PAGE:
There is much internal evidence in the Holy Scriptures of a sleeping bride. The very first members of the bride fell asleep in the Garden of Gethsemane. When the Bridegroom found them sleeping, He said to Peter, ‘What? Could you not watch with Me one hour?’ (Matthew 26:40). The disciples fell asleep right after their intimate feast of Passover with the Lord.
We read in Matthew 25 about ten virgins who took their lamps and went out to meet the bridegroom. Five of them were wise, and five were foolish. ‘But while the bridegroom was delayed, they all slumbered and slept’ (Matthew 25:5). How is this possible? Even the wise virgins slept? Yes. It is easy to lose our spiritual edge, to fall into spiritual laziness, apathy, and even deception. This is a very real and present threat (Matthew 25:26).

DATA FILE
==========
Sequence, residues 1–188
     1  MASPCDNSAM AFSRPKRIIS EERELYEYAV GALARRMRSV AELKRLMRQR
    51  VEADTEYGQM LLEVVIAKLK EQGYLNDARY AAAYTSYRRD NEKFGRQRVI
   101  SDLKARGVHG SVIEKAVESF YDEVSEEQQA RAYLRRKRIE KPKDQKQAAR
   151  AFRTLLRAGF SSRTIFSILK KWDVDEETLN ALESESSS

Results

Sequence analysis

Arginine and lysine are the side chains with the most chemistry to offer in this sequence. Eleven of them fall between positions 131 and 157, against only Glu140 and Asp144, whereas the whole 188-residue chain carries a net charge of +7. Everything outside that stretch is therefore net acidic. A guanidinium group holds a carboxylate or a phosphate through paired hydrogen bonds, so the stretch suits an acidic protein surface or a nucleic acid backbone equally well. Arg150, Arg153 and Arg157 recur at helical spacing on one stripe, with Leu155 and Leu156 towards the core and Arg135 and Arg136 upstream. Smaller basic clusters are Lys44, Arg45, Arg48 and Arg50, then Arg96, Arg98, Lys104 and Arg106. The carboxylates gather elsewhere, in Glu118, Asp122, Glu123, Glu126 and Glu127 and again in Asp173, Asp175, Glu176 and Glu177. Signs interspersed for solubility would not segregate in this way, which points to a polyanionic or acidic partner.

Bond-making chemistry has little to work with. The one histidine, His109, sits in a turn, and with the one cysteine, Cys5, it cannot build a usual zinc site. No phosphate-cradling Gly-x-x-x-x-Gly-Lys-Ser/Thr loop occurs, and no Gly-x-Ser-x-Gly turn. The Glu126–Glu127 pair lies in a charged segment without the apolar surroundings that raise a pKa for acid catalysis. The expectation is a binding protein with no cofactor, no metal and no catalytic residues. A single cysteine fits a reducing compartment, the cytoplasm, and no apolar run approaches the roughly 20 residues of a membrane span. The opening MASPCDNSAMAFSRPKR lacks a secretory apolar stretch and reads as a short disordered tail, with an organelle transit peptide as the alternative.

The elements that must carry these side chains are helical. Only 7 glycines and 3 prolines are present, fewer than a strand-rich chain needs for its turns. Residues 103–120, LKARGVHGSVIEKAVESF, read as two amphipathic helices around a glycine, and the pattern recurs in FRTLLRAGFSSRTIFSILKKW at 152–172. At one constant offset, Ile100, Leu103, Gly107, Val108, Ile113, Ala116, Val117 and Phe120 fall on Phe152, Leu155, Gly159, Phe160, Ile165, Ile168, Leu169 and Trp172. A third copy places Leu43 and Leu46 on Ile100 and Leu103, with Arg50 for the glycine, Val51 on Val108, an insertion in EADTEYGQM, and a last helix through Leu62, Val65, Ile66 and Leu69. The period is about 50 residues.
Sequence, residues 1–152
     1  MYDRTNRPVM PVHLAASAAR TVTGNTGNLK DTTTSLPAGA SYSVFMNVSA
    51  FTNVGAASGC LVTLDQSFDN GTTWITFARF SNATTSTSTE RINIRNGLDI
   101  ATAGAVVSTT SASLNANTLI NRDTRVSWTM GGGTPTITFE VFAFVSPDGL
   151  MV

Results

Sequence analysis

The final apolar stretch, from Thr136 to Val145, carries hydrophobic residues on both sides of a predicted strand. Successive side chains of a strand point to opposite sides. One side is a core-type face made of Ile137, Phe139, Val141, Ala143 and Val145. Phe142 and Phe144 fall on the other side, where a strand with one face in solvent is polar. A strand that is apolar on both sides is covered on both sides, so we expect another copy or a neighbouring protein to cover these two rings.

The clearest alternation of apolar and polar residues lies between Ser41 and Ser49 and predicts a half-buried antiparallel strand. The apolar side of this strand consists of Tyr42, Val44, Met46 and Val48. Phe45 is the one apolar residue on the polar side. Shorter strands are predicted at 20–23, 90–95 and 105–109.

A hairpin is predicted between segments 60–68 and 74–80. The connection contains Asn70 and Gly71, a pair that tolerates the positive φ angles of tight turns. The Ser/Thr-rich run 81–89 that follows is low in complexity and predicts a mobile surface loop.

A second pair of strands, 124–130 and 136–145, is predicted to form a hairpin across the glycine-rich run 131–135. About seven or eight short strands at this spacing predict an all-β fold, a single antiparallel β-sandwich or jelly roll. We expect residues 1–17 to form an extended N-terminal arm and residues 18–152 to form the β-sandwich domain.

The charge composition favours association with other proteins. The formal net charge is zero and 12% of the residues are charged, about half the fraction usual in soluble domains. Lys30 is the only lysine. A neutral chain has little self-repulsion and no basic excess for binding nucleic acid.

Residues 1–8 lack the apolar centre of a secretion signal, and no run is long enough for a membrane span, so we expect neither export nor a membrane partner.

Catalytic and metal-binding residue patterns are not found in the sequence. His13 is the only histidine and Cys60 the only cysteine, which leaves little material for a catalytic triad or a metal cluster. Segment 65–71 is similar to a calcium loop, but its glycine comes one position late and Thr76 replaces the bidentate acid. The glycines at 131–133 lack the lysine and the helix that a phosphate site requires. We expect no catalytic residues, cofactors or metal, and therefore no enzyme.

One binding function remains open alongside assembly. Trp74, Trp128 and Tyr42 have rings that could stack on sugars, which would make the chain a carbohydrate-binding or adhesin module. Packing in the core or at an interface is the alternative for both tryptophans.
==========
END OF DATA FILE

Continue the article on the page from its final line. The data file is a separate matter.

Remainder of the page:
‘Watch and pray, lest you enter into temptation. The spirit indeed is willing, but the flesh is weak’ (Matthew 26:41). Guilty as charged! I recently found an old journal from the 1980s when our son Jonathan was an infant. I was up at six in the morning, talking to the Lord and hearing from Him consistently. The last time I was up at that hour was over 20 years later, at MD Anderson, the morning of surgery. As I opened my Bible, half-asleep, my eyes fell upon the following verse: ‘God is in the midst of her, she shall not be moved; God shall help her, just at the break of dawn’ (Psalm 46:5). I looked out the window, and it was the ‘break of dawn.’ I was in awe at the grace and mercy of God and His faithfulness to speak to me and reassure me of His presence.